New bed nets 'twice as effective' against mosquitoes
20 November 2003 |
French scientists have developed a new type of anti-mosquito bed net that they claim is more effective against mosquitoes compared with existing nets, yet is safer for humans to use.
Jean-Marc Hougard and Vincent Corbel from the Institut de Recherche pour le Développement (IRD) in Montpelier, France, tested bed nets coated with a mixture of two insecticides, bifenthrin and carbosulfan.
Tests in the laboratory showed that nets impregnated with just one insecticide killed around 40 per cent of mosquitoes. In contrast, the new nets killed twice as many — 80 per cent — using just one-fiftieth the recommended dose of bifenthrin and half the recommended dose of carbosulfan.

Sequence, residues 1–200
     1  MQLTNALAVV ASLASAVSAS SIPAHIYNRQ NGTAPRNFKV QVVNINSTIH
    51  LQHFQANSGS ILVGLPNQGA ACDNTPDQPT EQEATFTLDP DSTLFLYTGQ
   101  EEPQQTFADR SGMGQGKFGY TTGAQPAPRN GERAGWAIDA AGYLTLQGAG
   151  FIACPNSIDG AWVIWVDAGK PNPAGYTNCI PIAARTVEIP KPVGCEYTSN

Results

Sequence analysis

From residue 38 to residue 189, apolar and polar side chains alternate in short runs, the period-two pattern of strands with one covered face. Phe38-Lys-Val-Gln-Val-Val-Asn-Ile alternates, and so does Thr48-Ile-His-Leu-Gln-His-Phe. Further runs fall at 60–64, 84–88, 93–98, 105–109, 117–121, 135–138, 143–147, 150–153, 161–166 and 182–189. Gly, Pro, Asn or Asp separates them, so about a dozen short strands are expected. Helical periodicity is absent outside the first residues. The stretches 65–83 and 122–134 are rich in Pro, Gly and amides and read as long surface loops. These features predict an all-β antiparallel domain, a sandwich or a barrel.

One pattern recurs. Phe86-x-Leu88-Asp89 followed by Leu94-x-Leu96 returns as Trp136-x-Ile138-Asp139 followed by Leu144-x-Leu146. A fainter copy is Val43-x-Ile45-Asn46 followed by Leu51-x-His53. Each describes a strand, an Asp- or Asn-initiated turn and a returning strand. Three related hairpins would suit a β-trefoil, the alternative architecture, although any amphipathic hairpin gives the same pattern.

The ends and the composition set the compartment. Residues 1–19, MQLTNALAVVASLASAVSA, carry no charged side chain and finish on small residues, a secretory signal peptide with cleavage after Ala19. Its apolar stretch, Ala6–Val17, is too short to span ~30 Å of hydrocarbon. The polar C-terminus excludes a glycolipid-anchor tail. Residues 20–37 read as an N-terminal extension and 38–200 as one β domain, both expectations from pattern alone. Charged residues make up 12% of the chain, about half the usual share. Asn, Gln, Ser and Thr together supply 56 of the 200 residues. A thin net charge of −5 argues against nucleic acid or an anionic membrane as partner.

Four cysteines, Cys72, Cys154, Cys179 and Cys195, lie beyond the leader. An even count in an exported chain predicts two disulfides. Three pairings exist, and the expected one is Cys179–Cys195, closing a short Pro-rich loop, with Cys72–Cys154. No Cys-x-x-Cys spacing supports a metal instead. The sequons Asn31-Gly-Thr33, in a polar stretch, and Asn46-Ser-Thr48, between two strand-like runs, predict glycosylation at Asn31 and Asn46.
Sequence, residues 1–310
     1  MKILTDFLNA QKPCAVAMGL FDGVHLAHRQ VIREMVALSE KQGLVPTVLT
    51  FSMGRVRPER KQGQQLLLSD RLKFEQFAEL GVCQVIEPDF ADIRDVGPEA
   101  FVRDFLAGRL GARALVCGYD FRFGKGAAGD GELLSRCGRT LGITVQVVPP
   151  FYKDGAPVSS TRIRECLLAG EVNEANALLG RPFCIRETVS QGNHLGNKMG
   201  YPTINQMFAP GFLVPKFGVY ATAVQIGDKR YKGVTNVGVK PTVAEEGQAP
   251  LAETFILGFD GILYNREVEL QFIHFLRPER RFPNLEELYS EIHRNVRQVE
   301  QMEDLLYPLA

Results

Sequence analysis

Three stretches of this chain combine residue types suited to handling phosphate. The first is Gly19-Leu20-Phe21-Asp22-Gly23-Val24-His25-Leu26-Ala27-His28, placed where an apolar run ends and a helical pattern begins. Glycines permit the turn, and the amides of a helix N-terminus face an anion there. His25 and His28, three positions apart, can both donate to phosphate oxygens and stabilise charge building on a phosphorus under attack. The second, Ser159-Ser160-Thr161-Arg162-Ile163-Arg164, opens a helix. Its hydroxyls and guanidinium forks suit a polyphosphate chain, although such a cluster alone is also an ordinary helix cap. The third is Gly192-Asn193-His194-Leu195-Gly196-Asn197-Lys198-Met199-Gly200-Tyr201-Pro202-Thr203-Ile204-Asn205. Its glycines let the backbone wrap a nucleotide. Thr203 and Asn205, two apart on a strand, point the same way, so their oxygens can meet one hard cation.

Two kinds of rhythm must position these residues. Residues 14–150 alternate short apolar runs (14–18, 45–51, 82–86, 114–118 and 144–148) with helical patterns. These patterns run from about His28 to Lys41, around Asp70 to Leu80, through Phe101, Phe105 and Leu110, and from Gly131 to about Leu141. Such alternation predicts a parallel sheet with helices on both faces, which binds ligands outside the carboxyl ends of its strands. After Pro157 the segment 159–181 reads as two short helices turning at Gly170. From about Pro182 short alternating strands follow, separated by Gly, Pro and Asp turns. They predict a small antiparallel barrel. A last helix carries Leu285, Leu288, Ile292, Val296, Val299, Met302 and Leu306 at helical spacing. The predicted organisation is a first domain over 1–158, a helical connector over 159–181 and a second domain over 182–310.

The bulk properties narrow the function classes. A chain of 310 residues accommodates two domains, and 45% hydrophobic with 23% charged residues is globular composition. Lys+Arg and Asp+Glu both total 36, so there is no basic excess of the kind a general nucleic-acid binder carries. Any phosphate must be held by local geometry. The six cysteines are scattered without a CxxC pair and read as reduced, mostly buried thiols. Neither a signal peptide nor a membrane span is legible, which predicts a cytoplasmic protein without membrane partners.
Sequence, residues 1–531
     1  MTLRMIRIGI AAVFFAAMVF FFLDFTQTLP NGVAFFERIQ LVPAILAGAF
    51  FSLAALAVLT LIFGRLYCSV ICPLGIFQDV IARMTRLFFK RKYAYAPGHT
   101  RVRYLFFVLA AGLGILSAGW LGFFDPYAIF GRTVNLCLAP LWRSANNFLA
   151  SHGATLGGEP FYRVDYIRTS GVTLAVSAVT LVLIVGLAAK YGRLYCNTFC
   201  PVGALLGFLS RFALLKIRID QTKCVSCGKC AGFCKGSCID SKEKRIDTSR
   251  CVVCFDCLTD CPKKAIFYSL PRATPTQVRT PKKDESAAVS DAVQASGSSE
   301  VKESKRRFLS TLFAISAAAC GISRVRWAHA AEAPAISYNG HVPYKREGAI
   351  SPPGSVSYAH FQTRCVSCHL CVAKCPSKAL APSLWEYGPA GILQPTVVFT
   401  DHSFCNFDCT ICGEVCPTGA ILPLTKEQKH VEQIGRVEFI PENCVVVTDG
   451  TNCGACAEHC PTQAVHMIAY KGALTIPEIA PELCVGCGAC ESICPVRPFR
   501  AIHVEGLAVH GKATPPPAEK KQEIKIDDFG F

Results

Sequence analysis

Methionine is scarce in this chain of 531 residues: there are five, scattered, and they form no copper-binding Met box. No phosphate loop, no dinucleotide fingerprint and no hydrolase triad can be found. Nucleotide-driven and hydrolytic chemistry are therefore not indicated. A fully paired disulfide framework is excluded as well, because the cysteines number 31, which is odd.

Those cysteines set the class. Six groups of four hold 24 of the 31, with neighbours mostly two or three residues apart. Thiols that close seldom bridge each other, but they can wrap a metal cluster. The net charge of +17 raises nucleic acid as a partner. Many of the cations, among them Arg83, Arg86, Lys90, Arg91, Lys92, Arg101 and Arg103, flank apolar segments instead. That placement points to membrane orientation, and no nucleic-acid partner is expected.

The results of a field trial of the new nets, conducted in the Ivory Coast, showed that the combined insecticide was as effective at killing mosquitoes as bed nets impregnated with just one insecticide — but using one tenth of the equivalent dose.
"It consequently reduces the cost and toxicity of the treatment, thus ensuring the safety of users, especially of children," say the researchers.
The IRD research was prompted by the fact that species of mosquito such as Anopheles gambiae, the main malaria carrier in sub-Saharan Africa, are becoming increasingly resistant to certain insecticides. Around 3,000 children die from malaria daily in Africa, and bed nets can cut child deaths by 20 per cent.